Results

Understanding initial establishment, transmission, and dynamics of SARS-CoV-2 in Jakarta

Figure 2a shows the daily reported cases, deaths, test positivity ratios, and funerals with C19P in Jakarta, transformed into inferred dates of symptom onset (Fig. 2b) using the relevant delay distributions. We estimate that 31 (22–41 95% CrI) and 124 (107–139 95% CrI) confirmed deaths and C19P funerals (assuming all funerals represent deaths due to COVID-19) had symptom onset occurring before 2nd March when COVID-19 was first identified in Indonesia. We estimate 10,950 (7530–14,040 95% CrI) infections based on confirmed deaths or 42,100 (36,280–47,570 95% CrI) based on C19P funerals (reflecting an assumption that all undiagnosed individuals provided with a C19P funeral would have tested positive) had occurred in Jakarta by March 2.

Fig. 2
figure2

Temporal trends of cases, deaths, C19P funerals and respective estimates of Rt relative to the timing of intervention measures. Light green shaded areas denote periods of PSBB whilst the dark green shaded areas represent the period of Ramadan domestic travel restrictions. a Daily reported cases, deaths, and C19P funerals in Jakarta. Black line denotes the daily test positivity ratio. b Estimated frequency of symptom onset date of reported cases, deaths, and C19P funerals. Each bar represents the median daily frequency of 100 stochastic reconstructions. c Coloured lines and regions show, respectively, median and 95% CrI of estimated Rt (left y-axis) based on the reconstructed data (cases, deaths or C19P funerals). Grey areas denote periods where the estimated median Rt is above 1. Black lines and dots denote average changes in non-residential mobility (right y-axis). d The relationship and correlation coefficient between the estimated Rt and the average non-residential mobility reduction (up to 4 June 2020 or before the lifting of the first PSBB)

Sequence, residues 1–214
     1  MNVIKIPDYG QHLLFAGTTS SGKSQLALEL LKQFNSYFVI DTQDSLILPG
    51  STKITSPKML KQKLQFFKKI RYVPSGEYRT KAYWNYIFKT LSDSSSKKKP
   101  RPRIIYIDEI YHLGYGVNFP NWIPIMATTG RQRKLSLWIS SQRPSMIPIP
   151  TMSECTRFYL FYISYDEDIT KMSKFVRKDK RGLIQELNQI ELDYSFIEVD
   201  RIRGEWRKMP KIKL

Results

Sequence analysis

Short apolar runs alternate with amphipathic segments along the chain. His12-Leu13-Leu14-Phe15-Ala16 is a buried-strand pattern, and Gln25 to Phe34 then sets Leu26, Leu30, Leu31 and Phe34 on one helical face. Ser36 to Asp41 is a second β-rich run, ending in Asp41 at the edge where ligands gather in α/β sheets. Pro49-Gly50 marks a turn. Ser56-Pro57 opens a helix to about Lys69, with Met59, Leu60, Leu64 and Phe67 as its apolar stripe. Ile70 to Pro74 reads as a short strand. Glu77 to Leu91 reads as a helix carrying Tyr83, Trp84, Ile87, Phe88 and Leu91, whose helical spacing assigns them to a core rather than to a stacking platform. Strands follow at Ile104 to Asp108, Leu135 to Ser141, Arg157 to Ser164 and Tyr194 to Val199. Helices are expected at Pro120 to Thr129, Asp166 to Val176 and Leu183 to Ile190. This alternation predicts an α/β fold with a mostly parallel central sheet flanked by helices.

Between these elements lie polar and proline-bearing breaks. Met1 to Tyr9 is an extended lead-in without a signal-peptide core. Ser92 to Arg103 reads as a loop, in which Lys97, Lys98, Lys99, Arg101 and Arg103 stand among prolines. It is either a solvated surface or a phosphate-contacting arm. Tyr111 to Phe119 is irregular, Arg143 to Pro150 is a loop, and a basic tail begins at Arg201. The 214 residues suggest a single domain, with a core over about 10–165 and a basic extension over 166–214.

Reported cases in Jakarta appear to indicate two epidemic peaks to date (around mid-April and mid-September, when PSBB was imposed), with the number of cases reported during the second peak far higher than the first (Fig. 2b). However, the test-positivity rate declined in the first half of 2020, indicating increased testing rates and case-ascertainment, which complicates the interpretation of trends based on case data alone. Indeed, data on C19P funerals suggest that the first peak in infections likely occurred in mid-March and that infection levels during the second peak were at levels comparable to their initial peak.